Flashcards in Chpt. 8 - Key Terms Deck (14):
Anatomic dead space
Anatomical dead space is that portion of the airways (bronchi, trachea, larynx, pharynx, and nasal cavity) which conducts gas to the alveoli. No gas exchange is possible in these spaces.
The process by which an animal loses consciousness and enters general anesthesia.
The process of keeping a Pt in a state of general anesthesia. The period between induction and recovery.
A list of the anesthetic agents and adjuncts prescribed for a particular Pt including doses, routes and order of administration.
The period between the time the anesthetic is discontinued and the time the animal is able to stand and walk without assistance.
Central nervous system (CNS) vital centers
Areas of the brain that control cardiovascular function, respiratory function, and thermoregulation.
Pooling of blood in the dependent lung and tissues (those nearest the floor or table).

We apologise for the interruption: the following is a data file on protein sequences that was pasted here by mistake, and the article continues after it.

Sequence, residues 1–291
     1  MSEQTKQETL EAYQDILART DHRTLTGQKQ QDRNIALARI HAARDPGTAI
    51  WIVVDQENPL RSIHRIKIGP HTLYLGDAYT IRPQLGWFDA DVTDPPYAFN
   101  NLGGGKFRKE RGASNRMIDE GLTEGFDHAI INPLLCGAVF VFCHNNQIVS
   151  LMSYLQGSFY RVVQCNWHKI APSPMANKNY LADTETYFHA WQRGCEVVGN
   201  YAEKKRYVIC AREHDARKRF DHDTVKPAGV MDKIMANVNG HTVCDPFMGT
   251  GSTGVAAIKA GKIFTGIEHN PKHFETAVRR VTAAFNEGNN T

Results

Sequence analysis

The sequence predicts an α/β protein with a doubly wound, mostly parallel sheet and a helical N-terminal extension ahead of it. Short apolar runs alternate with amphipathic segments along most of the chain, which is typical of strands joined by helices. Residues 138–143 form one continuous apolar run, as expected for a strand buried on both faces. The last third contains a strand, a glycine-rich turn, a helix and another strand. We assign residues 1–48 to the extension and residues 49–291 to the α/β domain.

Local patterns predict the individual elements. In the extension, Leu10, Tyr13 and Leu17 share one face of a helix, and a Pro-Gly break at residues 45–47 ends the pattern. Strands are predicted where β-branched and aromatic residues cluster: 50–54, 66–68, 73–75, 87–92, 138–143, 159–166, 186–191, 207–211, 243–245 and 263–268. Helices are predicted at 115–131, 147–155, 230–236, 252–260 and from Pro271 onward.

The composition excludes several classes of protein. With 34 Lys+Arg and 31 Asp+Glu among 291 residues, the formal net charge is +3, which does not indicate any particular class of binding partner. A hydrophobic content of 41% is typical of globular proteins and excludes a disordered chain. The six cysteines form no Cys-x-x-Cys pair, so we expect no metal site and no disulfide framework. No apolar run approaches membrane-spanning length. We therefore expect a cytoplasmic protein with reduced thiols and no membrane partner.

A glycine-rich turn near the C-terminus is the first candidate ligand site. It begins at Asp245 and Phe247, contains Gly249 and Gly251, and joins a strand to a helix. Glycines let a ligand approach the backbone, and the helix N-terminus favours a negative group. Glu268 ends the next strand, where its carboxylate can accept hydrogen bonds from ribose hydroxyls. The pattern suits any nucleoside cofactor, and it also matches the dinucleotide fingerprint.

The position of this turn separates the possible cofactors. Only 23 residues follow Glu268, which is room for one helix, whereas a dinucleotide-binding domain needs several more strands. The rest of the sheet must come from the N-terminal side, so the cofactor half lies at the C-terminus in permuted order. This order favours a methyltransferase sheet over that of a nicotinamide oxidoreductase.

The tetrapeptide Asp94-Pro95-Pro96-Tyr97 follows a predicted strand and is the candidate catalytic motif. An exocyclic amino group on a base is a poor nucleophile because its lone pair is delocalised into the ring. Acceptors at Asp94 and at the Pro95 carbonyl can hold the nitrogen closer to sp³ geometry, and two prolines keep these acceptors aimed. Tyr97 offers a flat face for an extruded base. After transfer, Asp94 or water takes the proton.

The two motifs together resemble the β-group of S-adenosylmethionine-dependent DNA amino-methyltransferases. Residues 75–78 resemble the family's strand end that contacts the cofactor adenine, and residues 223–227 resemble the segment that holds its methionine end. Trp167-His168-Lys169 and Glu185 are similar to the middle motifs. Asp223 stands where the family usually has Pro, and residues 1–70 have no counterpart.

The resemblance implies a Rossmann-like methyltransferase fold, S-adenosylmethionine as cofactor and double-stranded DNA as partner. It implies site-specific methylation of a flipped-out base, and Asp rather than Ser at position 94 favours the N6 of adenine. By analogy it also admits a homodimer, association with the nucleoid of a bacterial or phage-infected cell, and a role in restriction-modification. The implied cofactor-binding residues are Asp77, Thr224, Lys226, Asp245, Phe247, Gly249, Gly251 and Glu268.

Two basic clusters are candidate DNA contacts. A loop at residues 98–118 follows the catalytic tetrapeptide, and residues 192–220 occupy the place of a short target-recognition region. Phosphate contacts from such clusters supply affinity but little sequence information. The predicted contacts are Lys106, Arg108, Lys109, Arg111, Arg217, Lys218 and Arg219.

A reflexive closure of the glottis in response to contact with any object or substance.
Mechanical dead space
Mechanical dead space is that portion of the airways (Y-piece of the breathing circuit, where there is bidirectional flow of gases, and the portion of the ET tube extending beyond the nose or the Y-piece and face mask) which conducts gas to the alveoli. No gas exchange is possible in these spaces.
The presence of air in the space between the lungs that contains the heart and great vessels.
The presence of air in the space between the lungs and the chest wall (pleural space) associated with collapse of the lungs.
Noisy breathing caused by turbulent air flow in the upper airways.
Administration of an anesthetic agent in small increments until the desired depth of anesthesia is reached, as opposed to administration of the entire calculated dose.